The Maternal Factor: Two Paths to Morality

The Maternal Factor: Two Paths to Morality

The Maternal Factor: Two Paths to Morality

The Maternal Factor: Two Paths to Morality

Synopsis

In this provocative new book, renowned educator and philosopher Nel Noddings extends her influential work on the ethics of care toward a compelling objective--global peace and justice. She asks: If we celebrate the success of women becoming more like men in professional life, should we not simultaneously hope that men become more like women--in caring for others, rejecting violence, and valuing the work of caring both publicly and personally? Drawing on current work on evolution, and bringing concrete examples from women's lived experience to make a strong case for her position, Noddings answers this question by locating one source of morality in maternal instinct. She traces the development of the maternal instinct to natural caring and ethical caring, offering a preliminary sketch of what a care-driven concept of justice might look like. Finally, to advance the cause of caring, peace, and women's advancement, Noddings urges women to abandon institutional, patriarchal religion and to seek their own paths to spirituality.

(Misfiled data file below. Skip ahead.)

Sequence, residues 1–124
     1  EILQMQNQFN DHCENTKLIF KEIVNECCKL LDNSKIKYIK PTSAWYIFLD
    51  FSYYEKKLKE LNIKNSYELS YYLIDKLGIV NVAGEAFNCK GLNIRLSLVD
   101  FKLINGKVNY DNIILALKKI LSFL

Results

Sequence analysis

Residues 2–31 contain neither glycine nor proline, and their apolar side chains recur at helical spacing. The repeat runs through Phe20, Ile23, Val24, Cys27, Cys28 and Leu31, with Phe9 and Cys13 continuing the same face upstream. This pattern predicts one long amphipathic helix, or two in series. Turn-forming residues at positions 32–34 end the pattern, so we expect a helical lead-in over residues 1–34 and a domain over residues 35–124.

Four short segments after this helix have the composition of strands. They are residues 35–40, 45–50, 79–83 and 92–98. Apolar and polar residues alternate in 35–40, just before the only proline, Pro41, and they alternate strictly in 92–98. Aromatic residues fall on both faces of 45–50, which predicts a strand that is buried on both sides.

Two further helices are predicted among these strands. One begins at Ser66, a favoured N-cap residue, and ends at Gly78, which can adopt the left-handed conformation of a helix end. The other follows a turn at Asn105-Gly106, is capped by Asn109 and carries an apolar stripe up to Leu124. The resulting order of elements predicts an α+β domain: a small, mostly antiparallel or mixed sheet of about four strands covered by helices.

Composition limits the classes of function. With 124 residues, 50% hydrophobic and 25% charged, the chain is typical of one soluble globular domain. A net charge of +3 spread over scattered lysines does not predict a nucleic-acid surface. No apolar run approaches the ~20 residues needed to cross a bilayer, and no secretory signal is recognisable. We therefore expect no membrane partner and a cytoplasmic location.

Excerpt

Much work is being done today on the evolution of morality. Anthropologists, psychologists, evolution scientists, and philosophers are looking for the roots of altruism, empathy, solidarity, and cooperation. Surprisingly, in seeking these roots, scholars rarely look at female experience. It may well be that one wide and increasingly influential approach to moral life—care ethics— can be traced to maternal instinct.

I will not argue that an ethic of care evolves in a blindly biological way. Thinking, experimenting, reflecting, analyzing, and conceptualizing are all involved in developing an ethic. As Virginia Held has argued, when we consider naturalizing morality, we should not lose sight of ourselves as moral subjects—as persons who think and make choices, some of which challenge the way we are as biological creatures. Cognition and the power to evaluate have also evolved, and we have the ability to reflect on our own nature. The ethic of care can be described as naturalistic in its rejection of supernaturalism and its recognition that . . .

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